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Divergent Associations of Slow-Wave Sleep versus Rapid Eye Movement Sleep with Plasma Amyloid-Beta

Publication year 2024
Published in Annals of Neurology
Authors Yevgenia Rosenblum, Mariana Pereira, Oliver Stange, Frederik D Weber, Leonore Bovy, Sofia Tzioridou, Elisa Lancini, David A Neville, Nadja Klein, Timo de Wolff, Mandy Stritzke, Iris Kersten, Manfred Uhr, Jurgen A H R Claassen, Axel Steiger, Marcel M Verbeek, Martin Dresler

OBJECTIVE: Recent evidence shows that during slow-wave sleep (SWS), the brain is cleared from potentially toxic metabolites, such as the amyloid-beta protein. Poor sleep or elevated cortisol levels can worsen amyloid-beta clearance, potentially leading to the formation of amyloid plaques, a neuropathological hallmark of Alzheimer disease. Here, we explored how nocturnal neural and endocrine activity affects amyloid-beta fluctuations in the peripheral blood.

METHODS: We acquired simultaneous polysomnography and all-night blood sampling in 60 healthy volunteers aged 20-68 years. Nocturnal plasma concentrations of amyloid-beta-40, amyloid-beta-42, cortisol, and growth hormone were assessed every 20 minutes. Amyloid-beta fluctuations were modeled with sleep stages, (non)oscillatory power, and hormones as predictors while controlling for age and participant-specific random effects.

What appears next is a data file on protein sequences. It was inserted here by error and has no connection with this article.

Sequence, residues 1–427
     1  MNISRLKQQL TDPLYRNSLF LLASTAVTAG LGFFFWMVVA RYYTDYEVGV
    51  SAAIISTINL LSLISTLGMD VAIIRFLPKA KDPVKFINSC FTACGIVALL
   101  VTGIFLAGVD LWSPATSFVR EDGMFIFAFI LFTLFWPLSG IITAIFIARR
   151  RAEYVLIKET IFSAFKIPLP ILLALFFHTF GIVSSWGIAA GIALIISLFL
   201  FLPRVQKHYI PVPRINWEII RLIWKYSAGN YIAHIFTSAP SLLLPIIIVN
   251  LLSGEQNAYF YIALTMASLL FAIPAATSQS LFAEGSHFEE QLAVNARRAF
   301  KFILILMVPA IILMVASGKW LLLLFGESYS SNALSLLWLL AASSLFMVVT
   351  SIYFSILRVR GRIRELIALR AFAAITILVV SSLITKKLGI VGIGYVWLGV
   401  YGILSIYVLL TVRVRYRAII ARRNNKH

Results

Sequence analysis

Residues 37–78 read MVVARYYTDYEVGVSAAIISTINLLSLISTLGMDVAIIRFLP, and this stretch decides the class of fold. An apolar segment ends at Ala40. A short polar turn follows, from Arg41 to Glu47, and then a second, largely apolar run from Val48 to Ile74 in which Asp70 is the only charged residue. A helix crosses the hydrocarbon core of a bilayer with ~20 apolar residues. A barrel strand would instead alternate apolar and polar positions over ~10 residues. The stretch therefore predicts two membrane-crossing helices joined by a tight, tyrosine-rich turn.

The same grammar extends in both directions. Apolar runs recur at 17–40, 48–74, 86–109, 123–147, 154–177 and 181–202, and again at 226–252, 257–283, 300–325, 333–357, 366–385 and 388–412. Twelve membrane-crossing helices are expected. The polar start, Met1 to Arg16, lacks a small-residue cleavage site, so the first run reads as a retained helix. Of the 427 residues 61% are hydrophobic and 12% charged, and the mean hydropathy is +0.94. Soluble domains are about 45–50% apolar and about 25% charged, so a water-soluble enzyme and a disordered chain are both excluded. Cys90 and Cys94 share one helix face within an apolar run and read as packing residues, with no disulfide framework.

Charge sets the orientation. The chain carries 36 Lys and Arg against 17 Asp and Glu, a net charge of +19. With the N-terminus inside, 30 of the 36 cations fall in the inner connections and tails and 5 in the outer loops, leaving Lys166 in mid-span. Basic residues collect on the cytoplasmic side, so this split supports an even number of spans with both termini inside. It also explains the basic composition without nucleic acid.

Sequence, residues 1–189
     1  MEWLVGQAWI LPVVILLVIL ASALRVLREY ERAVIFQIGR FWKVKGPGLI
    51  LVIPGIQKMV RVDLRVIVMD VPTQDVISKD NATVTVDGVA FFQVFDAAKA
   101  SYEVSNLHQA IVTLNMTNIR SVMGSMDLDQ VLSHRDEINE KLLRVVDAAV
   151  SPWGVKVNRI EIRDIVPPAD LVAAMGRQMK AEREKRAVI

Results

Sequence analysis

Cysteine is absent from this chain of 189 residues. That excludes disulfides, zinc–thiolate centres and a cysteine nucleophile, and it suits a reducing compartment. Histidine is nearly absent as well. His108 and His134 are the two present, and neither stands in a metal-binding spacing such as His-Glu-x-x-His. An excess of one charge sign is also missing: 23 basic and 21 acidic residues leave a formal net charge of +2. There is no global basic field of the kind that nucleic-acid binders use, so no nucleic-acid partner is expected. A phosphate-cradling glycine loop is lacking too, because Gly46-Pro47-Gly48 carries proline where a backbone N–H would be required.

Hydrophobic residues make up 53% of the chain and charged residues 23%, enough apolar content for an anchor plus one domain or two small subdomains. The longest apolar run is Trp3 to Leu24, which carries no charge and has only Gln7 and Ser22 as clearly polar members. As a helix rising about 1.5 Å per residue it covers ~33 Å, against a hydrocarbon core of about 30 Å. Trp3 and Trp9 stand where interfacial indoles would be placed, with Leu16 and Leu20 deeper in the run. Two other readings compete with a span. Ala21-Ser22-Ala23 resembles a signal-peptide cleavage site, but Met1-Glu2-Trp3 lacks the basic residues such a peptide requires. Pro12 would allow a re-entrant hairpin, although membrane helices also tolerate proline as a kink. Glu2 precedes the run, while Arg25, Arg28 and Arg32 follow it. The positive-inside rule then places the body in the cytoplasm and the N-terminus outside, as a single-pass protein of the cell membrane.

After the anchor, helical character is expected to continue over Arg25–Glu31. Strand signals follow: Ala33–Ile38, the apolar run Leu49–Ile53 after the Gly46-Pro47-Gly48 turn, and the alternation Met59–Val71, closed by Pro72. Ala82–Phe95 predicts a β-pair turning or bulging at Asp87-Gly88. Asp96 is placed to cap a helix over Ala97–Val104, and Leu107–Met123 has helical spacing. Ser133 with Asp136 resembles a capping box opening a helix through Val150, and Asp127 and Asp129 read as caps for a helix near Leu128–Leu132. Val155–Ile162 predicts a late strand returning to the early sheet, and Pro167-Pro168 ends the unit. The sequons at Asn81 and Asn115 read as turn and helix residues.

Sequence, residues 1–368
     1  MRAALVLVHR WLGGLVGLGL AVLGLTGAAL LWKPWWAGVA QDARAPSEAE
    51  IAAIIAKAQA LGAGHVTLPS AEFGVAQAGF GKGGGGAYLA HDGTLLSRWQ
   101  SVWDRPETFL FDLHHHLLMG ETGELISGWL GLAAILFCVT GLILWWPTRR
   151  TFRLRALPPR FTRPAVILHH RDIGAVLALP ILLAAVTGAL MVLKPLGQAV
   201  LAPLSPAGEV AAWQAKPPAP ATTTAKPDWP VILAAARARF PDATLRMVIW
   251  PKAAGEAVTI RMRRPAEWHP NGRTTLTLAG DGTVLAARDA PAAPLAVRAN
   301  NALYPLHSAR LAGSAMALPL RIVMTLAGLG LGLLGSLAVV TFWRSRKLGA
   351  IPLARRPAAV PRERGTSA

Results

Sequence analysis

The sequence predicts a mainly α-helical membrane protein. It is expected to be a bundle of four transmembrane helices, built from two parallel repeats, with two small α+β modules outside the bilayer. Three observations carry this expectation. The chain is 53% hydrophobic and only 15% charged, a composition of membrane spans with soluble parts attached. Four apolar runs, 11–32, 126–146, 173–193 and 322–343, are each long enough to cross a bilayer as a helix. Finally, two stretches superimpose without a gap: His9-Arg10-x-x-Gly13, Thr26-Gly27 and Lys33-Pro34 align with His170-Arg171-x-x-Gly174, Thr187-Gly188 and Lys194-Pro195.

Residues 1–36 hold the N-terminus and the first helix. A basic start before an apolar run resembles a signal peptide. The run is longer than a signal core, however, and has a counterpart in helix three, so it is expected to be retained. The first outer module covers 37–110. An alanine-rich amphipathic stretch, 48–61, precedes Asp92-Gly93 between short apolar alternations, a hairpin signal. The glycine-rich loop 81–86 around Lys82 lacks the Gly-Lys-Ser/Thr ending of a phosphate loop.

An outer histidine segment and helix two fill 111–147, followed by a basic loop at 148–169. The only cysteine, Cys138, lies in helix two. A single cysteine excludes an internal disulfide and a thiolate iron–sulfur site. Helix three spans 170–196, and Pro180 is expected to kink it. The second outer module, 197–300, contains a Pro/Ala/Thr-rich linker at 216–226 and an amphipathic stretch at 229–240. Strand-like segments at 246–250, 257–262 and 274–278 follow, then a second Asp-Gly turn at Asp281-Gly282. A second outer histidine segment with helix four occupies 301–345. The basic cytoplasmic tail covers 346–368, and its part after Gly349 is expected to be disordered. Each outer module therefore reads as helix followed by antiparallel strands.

RESULTS: Amyloid-beta-40 and amyloid-beta-42 levels correlated positively with growth hormone concentrations, SWS proportion, and slow-wave (0.3-4Hz) oscillatory and high-band (30-48Hz) nonoscillatory power, but negatively with cortisol concentrations and rapid eye movement sleep (REM) proportion measured 40-100 minutes previously (all t values > |3|, p values < 0.003). Older participants showed higher amyloid-beta-40 levels.

INTERPRETATION: Slow-wave oscillations are associated with higher plasma amyloid-beta levels, whereas REM sleep is related to decreased amyloid-beta plasma levels, possibly representing changes in central amyloid-beta production or clearance. Strong associations between cortisol, growth hormone, and amyloid-beta presumably reflect the sleep-regulating role of the corresponding releasing hormones. A positive association between age and amyloid-beta-40 may indicate that peripheral clearance becomes less efficient with age. ANN NEUROL 2024.

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